There are few more important themes in Scripture than that of grace. One of the hallmarks of Christ is that He was full of "grace and truth" (John 1:17). The gospel is all about the grace of God applied to our lives, His unmerited favor given freely to us not only in salvation but on a daily basis!
As one reads the gospels, one sees Christ interacting with graciousness with all, with the exception of the Pharisees who were hypocrites. There was always truth in His conversations but it was a gracious truth.
Organizational leaders set an example and monitor the culture of the organization or team that they lead. In the Christian world, one of the hallmarks of our ethos should be a graciousness in our interactions with one another.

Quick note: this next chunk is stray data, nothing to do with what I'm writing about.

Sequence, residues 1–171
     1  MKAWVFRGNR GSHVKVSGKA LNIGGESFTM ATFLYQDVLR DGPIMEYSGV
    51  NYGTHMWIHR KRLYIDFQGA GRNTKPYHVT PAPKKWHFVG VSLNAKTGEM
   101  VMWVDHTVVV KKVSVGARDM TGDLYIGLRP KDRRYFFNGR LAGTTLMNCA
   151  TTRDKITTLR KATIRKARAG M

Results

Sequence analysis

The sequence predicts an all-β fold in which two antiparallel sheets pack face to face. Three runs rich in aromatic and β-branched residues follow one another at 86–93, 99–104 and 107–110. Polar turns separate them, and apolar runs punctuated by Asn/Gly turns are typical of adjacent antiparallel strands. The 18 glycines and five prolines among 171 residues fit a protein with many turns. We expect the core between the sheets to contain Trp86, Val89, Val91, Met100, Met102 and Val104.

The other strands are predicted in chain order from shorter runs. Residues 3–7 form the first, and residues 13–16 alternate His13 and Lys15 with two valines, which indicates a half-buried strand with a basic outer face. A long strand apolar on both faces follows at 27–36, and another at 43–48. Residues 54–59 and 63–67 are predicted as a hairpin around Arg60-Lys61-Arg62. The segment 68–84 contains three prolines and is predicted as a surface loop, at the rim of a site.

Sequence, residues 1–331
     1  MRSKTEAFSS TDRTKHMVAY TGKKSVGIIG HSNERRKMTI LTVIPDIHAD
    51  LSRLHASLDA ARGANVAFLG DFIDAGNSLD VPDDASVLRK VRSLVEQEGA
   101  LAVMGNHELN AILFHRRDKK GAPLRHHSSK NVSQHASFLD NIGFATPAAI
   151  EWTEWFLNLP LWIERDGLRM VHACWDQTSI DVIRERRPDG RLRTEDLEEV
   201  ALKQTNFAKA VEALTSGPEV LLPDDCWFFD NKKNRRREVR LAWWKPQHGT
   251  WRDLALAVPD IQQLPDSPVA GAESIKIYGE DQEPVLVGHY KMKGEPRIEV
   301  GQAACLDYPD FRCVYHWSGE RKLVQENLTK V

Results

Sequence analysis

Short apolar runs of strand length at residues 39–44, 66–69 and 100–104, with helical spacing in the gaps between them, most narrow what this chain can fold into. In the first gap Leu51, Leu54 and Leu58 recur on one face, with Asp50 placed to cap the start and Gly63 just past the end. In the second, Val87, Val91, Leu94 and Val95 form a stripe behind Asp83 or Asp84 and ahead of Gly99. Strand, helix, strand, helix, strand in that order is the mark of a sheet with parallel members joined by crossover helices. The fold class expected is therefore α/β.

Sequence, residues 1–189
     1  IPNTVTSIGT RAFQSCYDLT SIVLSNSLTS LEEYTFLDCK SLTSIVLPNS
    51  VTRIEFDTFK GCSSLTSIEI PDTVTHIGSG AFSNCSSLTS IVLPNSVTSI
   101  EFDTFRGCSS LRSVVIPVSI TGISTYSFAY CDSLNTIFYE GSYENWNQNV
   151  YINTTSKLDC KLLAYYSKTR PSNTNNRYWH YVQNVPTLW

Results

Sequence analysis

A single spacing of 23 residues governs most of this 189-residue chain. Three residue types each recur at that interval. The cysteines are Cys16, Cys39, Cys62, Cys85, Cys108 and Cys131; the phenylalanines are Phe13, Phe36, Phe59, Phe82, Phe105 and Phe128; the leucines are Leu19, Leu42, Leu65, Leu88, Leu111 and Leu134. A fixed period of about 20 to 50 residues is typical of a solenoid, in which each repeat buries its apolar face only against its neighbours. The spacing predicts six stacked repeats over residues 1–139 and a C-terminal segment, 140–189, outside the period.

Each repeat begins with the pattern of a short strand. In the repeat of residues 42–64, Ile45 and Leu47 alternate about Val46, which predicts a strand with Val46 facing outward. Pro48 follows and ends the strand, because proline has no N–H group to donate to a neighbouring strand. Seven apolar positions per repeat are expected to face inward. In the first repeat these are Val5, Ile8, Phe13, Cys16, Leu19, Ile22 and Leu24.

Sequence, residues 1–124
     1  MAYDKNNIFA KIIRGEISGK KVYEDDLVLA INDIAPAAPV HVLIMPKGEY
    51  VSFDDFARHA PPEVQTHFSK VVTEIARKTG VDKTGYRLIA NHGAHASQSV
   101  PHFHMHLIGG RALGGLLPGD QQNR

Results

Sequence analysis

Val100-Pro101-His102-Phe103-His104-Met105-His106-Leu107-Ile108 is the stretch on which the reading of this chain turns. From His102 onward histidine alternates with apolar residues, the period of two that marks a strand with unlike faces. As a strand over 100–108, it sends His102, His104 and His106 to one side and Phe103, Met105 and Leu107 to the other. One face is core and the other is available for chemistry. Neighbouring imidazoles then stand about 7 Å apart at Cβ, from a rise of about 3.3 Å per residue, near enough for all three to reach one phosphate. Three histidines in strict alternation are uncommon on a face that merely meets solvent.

There are many attitudes that do not exude grace: gossip, cynicism, mistrust, assuming the worst rather than the best, anger, and impatience. These are often encountered but they do not reflect the character and attitudes of grace. In fact, they are the opposite of grace: ungracious judgement of others.
This does not mean that we cannot address questions, issues or press into dialogue on difficult subjects. Just the opposite should be true and Jesus certainly did not dodge the difficult conversations or issues. What it does mean is that as we interact with one another, the grace that Jesus gave to us ought to be evident in our interactions with one another. His grace to us ought to be our grace to one another. To not show grace to one another is to deny God's grace to us.
Grace and truth is a powerful combination that creates a unique and God honoring ethos in any organization. Leaders model it and call others to it.